If Rama Burshtein's The Wedding Plan were a Hollywood production, it would likely star someone along the lines of a Katherine Heigl or a Mila Kunis or any number of other actresses whose gifts for comedy would be important as Hollywood would, without a doubt, wring every possible laugh out of the script.
If we were lucky, I suppose, the script mind find its way to someone along the lines of a Nia Vardalos, whose ability to dignify diverse cultures while finding the laughs in everyday life are most definitely nicely suited to a project like this one.
But, The Wedding Plan isn't a Hollywood film. In fact, it's not even an American film. It doesn't star Katherine Heigl or Mila Kunis or Nia Vardalos.
It stars Noa Koler as 32-year-old Michal, an Orthodox Jewish woman who is one month away from her long desired marriage to a man, Gidi (Erez Drigues), who has just announced that he doesn't love her and calls off the wedding. We've seen movies along this line before, mostly bland romantic comedies whose names I can't even be bothered to remember right now.
You know what they are. You've seen them.
The Wedding Plan is different. The Wedding Plan is as much about the longing for love as it is any silly ole' story line about trying to arrange a quick marriage. The Wedding Plan is, in fact, as much about faith as it is about that symbol of loving - the wedding.
Despite there being times when it feels like Burshtein can't quite decide whether or not The Wedding Plan is a light romantic comedy or a dramedy pierced by social insights, the film is ultimately as satisfying as Burshtein's first feature Fill the Void, a film that somewhat similarly delved into the Orthodox world of arranged marriages and life expectations. Burshtein's Michal is a different creation, a quirkier woman more assertive and self-confident yet equally grounded in a deep faith that seems to fully buy into marriage as the penultimate experience of an Orthodox Jewish woman's life experience and the lack of a marriage as a devastating personal failure.
The Wedding Plan isn't, despite what some more progressive viewpoints might say, a misogynistic film. Instead, it's a film faithful in its cultural interpretation and brimming with an honesty seldom captured on the big screen and certainly seldom seen in American movie theaters. Picked up by Roadside Attractions for a limited nationwide arthouse release, The Wedding Plan opens in Indianapolis at the Landmark Keystone Art Cinema on June 2nd and deserves to find an audience.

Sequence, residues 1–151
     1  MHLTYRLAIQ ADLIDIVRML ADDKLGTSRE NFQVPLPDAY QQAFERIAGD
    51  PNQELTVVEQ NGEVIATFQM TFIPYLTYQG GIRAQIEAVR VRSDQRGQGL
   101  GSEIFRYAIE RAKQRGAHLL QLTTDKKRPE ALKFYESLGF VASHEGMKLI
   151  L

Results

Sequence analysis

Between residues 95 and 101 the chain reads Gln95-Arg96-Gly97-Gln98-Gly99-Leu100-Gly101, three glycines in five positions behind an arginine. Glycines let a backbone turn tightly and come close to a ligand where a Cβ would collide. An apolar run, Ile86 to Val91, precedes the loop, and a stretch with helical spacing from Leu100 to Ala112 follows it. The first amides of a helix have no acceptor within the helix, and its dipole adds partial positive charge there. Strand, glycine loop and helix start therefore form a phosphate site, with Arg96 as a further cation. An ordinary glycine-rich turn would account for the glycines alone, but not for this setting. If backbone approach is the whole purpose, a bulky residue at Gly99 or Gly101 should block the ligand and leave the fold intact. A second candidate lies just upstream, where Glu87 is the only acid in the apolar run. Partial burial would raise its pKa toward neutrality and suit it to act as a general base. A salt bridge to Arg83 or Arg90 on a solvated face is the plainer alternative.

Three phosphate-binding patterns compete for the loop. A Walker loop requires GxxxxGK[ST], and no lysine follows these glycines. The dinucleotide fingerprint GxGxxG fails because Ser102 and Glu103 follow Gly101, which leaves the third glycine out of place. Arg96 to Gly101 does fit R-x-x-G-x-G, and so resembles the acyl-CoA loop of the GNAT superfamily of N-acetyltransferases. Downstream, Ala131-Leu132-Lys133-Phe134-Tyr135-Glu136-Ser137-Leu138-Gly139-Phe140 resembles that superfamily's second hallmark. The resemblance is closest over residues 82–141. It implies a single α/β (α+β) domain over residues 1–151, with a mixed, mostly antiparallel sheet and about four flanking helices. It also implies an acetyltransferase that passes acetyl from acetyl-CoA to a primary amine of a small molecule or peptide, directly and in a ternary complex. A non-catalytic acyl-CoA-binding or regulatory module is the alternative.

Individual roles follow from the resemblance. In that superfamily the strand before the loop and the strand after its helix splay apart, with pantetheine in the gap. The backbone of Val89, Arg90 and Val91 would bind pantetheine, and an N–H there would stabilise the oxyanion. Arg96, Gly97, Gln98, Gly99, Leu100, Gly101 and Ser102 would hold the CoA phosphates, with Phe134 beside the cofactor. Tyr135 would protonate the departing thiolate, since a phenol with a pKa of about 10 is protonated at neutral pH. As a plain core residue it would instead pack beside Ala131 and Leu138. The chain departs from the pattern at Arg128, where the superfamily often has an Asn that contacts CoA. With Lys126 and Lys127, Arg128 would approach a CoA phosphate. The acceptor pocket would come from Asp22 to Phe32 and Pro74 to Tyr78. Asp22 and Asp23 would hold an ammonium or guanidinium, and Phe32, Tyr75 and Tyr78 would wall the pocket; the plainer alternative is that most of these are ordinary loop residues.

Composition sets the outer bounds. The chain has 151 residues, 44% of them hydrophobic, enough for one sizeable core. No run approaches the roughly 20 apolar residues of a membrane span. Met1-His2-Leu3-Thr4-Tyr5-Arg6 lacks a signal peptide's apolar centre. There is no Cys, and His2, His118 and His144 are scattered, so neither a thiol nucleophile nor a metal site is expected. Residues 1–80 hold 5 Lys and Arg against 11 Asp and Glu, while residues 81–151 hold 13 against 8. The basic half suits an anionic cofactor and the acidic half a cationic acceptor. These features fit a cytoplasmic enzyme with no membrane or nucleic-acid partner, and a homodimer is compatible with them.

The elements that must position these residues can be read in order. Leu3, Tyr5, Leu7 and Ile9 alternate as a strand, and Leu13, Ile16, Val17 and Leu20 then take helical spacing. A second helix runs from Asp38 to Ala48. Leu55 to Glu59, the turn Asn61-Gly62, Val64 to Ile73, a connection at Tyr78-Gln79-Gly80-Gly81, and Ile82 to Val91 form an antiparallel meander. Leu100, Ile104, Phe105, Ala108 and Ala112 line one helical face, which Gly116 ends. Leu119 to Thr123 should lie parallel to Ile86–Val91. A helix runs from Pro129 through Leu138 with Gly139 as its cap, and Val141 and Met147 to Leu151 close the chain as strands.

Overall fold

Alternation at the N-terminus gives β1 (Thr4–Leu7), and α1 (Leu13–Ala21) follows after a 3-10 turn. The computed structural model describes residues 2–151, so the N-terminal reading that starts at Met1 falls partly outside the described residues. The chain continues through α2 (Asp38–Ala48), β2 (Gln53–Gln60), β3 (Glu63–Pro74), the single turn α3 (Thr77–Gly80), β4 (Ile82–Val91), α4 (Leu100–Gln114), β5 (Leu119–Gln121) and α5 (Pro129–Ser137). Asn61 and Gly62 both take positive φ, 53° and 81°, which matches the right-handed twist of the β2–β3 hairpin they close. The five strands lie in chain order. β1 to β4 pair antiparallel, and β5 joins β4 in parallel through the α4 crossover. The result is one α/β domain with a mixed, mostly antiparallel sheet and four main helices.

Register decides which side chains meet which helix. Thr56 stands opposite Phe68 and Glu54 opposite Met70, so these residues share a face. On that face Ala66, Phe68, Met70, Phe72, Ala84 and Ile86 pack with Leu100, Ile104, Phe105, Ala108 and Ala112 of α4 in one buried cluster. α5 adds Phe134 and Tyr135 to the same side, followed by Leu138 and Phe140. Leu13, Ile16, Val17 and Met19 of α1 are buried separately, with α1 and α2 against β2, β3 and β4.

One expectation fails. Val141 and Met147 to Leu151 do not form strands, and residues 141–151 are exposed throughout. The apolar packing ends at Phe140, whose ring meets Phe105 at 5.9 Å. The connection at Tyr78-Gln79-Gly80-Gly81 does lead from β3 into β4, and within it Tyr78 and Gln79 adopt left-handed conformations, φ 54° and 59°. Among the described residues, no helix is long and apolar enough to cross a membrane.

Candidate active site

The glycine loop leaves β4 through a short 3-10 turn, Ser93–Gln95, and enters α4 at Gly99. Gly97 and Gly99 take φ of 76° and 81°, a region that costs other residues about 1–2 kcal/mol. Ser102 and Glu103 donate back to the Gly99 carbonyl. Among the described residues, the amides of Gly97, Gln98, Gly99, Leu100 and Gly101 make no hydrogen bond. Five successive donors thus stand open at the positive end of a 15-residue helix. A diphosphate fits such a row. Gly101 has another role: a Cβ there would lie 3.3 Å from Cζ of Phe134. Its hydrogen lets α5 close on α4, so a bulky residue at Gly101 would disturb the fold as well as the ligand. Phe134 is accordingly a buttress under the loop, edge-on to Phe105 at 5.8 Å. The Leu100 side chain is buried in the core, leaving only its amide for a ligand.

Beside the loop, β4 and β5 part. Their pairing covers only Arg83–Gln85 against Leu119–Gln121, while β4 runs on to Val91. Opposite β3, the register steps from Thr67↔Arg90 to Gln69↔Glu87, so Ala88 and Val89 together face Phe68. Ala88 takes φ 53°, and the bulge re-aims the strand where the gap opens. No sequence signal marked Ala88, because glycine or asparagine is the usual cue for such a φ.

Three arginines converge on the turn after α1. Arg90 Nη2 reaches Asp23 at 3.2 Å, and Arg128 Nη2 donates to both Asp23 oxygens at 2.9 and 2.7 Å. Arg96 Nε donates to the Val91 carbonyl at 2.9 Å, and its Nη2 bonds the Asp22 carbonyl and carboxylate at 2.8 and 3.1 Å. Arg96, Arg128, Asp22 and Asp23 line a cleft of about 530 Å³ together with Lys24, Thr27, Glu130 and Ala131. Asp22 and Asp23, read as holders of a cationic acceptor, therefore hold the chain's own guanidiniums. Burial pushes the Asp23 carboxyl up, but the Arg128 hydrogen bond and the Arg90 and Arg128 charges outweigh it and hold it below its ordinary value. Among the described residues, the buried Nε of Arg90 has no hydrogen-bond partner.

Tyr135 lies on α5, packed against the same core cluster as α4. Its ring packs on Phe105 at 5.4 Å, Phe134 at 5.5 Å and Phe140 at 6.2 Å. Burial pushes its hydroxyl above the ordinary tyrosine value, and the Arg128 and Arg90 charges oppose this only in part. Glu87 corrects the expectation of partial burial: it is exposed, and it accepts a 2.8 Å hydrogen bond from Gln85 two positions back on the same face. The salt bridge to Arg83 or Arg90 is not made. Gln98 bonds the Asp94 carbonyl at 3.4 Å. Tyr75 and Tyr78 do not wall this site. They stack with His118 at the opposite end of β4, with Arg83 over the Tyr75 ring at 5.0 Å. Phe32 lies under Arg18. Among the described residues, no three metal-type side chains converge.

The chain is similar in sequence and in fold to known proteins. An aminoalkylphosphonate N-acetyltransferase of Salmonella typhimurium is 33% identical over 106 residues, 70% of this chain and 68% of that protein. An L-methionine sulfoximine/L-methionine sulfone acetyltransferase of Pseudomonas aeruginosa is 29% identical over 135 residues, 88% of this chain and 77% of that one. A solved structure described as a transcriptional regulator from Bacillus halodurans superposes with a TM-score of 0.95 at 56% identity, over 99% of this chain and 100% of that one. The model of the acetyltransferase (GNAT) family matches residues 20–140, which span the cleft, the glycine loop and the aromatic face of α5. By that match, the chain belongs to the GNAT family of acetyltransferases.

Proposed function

The Wedding Plan works as well as it does on the strength of Noa Koler's marvelous performance that radiates a richness of humanity, a lightness of humor and a depth seldom seen in a film such as this one. She's a joy and The Wedding Plan is the kind of film that made me instantly want to look up her work and watch her over and over again.
The Wedding Plan is at its funniest when Michal, fresh off her rejection by Gidi, decides to move forward with her wedding plans faithfully believing that God will provide her a groom. It's absurd, at least on some level, but Burshtein's script beautifully humanizes it and Koler brings it to life in ways that are heartfelt and humorous including a series of dates with good men, almost too good, but not quite "the" man. When she takes a pilgrimage to Breslov Hasidic Founder Rabbi Nachman's tomb in Ukraine, she inadvertently meets Yoss (Oz Zehavi), an Israeli pop singer with whom she shares a connection but not a faith.
For the most part, The Wedding Plan goes where one expects it to go with some mild variations given Burshtein's faithfulness to the Orthodox Jewish culture. Refreshingly, this culture is not played for laughs despite those times that Burshtein does find the authentic humor in the increasingly unique situations.
Part fairy tale and part simple romantic comedy, The Wedding Plan is an absolute gem of a film filled with universal messages about faith, family, hope, expectation and longing. It will make you laugh and it may even make you shed a tear or two. It's definitely a film you should see when it arrives at a theater near you.
© Written by Richard Propes
The Independent Critic